Archive for category God’s Generosity

Matthew 20 :1-16 The Workers in the Vineyard

Parables are comparisons in which spiritual truth is pictured in vivid terms (Blomberg 1990). “Jesus’ invitation to enter his Kingdom comes in the form of parables, a characteristic feature of his teaching (Cf. Mk 4:33-34).

The Parable that was just read is commonly known as the Parable of the Workers in the Vineyard. Mark Bailey calls this parable, “A day on the job in the kingdom of God.” (because the work takes place throughout the day and the payroll is at the end of the day.)

The parable emphasizes the times that the laborers were hired. The Landowner hired laborers early in the morning (6:00) and made an agreement with them to pay them a denarius for the day’s work. It says the owner agreed which makes me think the workers asked for the denarius and he agreed to it.

The Landowner went out again at 9:00, 12:00, 3:00 and 5:00 and asked others if they would like to come to work without indicating what they would earn, only that he would be fair (vs. 4). If the first guy is going to get 1 denarius for 12 hours work, what do you expect the 2nd group to get? 3/4, then 1/2 then 1/4 and then 1/12th respectively.

At the end of the day, the Landowner went to pay them and started with the last group. He gave them each 1 denarius. What do you expect the next group to get? Three denarii. The next group six, and the next nine and the first group that was hired expects to get 12 denarii. But he gave everyone the same amount – one denarius – regardless of whether they had worked one hour or twelve hours.

It is not surprising therefore, that those were hired first complained and accused the owner of being unfair.

But the owner justifies his actions:

  • on the basis of agreement – they agreed to work for a denarius. The owner calls him “friend” which in Matt is not a term of endearment.
  • on the basis of ownership – can I do what I want with what is mine?
  • on the basis of generosity – can I be gracious to whom I want to be gracious?

Again, is the landowner unjust or unfair? Certainly not. The landowner is just when he paid them all individually with the same amount or salary because that was the thing agreed upon by the landowner and the labourers. The landowner is generous, compassionate and merciful when he paid them all individually with the same amount regardless of of whether they had worked one hour or twelve hours. Simply stated, the landowner is not unjust. Rather he is both just and gracious or compassionate or merciful.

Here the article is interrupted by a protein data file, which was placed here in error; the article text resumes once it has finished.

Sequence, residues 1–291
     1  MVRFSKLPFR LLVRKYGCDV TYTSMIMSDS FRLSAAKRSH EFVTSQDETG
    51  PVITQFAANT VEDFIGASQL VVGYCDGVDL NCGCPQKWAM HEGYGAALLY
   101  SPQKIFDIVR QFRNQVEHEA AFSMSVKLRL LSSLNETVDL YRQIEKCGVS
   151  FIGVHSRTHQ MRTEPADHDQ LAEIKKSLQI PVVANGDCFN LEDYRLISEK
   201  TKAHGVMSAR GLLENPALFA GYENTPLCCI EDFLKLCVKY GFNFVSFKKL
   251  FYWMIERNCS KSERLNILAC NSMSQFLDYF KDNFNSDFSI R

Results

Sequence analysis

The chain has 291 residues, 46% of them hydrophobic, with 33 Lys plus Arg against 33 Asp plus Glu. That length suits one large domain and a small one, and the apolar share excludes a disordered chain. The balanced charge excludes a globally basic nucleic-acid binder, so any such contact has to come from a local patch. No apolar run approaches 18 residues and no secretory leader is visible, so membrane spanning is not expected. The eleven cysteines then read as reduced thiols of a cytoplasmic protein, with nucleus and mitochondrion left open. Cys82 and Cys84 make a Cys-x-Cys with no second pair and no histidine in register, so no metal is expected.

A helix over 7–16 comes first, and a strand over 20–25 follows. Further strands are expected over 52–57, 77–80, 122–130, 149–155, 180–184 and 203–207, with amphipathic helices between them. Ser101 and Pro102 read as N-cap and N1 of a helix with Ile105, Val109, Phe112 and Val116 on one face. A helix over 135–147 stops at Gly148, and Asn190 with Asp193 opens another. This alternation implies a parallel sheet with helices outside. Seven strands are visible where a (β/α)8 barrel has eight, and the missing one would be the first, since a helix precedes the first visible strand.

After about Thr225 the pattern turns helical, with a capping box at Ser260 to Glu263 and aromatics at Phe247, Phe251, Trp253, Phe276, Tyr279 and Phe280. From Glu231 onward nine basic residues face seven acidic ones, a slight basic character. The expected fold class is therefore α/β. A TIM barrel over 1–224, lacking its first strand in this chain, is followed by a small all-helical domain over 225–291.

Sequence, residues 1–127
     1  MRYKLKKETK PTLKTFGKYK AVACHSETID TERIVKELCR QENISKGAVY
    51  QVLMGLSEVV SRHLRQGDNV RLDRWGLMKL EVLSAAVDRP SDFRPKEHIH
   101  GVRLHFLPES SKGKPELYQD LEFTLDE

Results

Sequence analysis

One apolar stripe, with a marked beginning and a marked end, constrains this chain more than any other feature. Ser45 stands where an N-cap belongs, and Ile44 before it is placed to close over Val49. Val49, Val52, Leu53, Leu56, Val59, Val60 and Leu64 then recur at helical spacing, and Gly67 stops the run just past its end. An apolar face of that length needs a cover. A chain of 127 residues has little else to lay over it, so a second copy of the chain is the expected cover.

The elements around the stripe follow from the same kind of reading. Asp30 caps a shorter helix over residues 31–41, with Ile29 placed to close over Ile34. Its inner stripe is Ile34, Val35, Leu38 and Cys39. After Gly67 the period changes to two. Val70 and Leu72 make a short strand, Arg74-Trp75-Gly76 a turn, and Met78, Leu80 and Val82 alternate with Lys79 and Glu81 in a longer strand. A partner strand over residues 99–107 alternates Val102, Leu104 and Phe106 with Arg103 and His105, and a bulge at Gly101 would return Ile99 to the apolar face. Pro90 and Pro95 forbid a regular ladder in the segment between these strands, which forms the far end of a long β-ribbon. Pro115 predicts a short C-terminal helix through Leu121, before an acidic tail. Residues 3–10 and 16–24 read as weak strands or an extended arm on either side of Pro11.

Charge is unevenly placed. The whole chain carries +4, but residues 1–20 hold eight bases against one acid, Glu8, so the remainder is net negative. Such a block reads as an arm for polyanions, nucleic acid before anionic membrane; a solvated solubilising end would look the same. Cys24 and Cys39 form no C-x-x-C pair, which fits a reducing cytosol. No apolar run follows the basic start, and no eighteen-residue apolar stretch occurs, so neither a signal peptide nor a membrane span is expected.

This is the message and the challenge for all of us who are adopted children of God: to be just yet gracious, merciful and compassionate. “Mercy without justice is baloney. Justice without mercy is tyranny.”

“Grace and mercy are both expressions of God’s love, grace to the guilty and undeserving, mercy to the needy and helpless” (John Stott, The Letters of John). Let us, therefore, be merciful as Jesus is merciful (Lk 6:36) for “whoever acts without mercy will be judged without mercy” (James 2:13).May we have mercy on all, especially to those who are going through a time when they are given little or no mercy.

Prayer: Father, may I love those considered unlovable.

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Lk 19:1-10 Zacchaeus The Tax Collector

Jesus knew the name of  Zacchaeus  [Luke 19:5]

Clearly, Jesus and Zacchaeus had never met. Yet, Jesus calls him out of the sycomore tree by name. If the Lord knew the name of this short, tree-climbing publican, you can be assured that he knows your name, even if your behavior is more like a tall, well-dressed Pharisee. The Lord knows your name. He knows your struggles. He feels your pain. He wants you to come down from your tree, welcome him into your home, and join him in a spiritual feast.